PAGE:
Easter Sunday is one of the few days of the year when many shops are required to close their doors to customers - but garden centres are urging ministers to end restrictions that prevent them opening on the holiday.
Trading laws mean that shops – including nurseries - over 280 square metres (3,000 square feet) in England and Wales must close on Easter Sunday and Christmas Day.
But the Horticultural Trades Association said the rules are archaic and are costing the industry an estimated £75 million a year in lost sales.
Under the Sunday Trading Act 1994, large shops can open on every other Sunday in the year but only for six consecutive hours between 10am and 6pm, while shops under 280 square metres (3,000 square feet) can open at any day or hour during the year. Scotland is not included in the current legislation.
The HTA argued that gardening centres were integral “leisure destinations” for many families and should therefore be allowed to stay open on Easter Sunday.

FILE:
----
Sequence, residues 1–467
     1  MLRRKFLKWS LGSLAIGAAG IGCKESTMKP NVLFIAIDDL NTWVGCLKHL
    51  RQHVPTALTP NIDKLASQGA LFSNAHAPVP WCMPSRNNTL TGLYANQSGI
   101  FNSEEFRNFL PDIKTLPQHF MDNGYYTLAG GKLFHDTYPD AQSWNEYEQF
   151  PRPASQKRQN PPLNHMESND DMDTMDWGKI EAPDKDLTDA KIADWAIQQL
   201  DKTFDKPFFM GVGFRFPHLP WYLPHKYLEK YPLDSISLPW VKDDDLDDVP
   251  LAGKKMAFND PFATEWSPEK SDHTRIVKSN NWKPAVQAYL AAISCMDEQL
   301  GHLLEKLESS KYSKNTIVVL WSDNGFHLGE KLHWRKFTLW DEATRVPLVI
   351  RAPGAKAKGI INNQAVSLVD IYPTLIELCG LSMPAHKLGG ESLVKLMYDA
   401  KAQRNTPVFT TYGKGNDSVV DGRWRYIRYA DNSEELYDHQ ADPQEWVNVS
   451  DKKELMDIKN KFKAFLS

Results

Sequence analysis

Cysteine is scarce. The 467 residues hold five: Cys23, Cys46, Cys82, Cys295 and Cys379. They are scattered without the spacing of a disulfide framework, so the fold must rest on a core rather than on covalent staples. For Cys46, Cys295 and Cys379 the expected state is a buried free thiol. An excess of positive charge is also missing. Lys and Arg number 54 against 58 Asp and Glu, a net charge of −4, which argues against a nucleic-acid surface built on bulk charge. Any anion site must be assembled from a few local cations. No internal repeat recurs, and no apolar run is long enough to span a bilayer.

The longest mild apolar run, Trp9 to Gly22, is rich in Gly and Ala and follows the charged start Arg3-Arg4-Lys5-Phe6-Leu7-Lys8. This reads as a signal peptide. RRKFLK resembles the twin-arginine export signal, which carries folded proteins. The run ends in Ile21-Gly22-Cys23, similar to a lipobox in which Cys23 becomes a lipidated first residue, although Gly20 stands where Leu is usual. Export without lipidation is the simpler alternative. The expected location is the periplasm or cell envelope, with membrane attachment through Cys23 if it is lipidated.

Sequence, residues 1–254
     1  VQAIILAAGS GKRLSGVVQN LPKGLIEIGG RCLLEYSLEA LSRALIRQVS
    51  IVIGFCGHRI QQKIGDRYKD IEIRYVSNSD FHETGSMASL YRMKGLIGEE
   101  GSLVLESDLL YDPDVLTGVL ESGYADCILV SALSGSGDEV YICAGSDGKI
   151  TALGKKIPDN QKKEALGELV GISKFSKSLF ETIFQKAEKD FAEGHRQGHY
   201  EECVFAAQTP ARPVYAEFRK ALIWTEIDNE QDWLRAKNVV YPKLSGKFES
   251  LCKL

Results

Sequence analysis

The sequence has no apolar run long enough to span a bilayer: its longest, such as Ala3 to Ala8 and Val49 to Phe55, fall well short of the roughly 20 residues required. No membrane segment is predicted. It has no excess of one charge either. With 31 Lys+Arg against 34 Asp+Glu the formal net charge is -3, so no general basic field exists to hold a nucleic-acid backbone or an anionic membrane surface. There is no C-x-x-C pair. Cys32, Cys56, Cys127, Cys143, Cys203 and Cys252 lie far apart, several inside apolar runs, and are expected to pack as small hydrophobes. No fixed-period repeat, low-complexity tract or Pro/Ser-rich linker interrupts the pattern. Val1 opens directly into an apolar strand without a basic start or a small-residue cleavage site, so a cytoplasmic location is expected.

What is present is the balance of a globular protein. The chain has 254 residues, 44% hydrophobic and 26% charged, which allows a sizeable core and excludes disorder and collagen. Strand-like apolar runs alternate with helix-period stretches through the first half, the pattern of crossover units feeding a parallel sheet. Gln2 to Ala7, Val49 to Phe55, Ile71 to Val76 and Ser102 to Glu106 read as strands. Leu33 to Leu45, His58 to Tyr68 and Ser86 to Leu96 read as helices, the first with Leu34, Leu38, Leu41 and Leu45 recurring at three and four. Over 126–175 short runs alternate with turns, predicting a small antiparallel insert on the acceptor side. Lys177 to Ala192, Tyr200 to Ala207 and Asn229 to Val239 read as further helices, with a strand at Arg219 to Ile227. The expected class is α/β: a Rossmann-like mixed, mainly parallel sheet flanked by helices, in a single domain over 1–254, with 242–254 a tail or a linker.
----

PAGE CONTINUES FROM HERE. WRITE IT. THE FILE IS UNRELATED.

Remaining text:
In a statement it said: “Gardening has been proven to help us improve our mental and physical health, gets us outside and helps us connect with other people in our community. Garden centres play a key role in facilitating us to do so and give us the opportunity to explore the vast variety of plants and flowers Mother Nature has to offer.”
The HTA added that the industry was not attempting “to undermine the arguments for keeping Sunday special and to protect workers from disruption to their family life”.
It said: “Rather, the HTA is aiming to contribute to stress-free family and social life by making it possible for them to enjoy garden centres for longer, particularly during planting season.”
A spokeswoman for the Department for Business, Innovation and Skills told the BBC that “the Government has no current plans for a relaxation of the regulations”.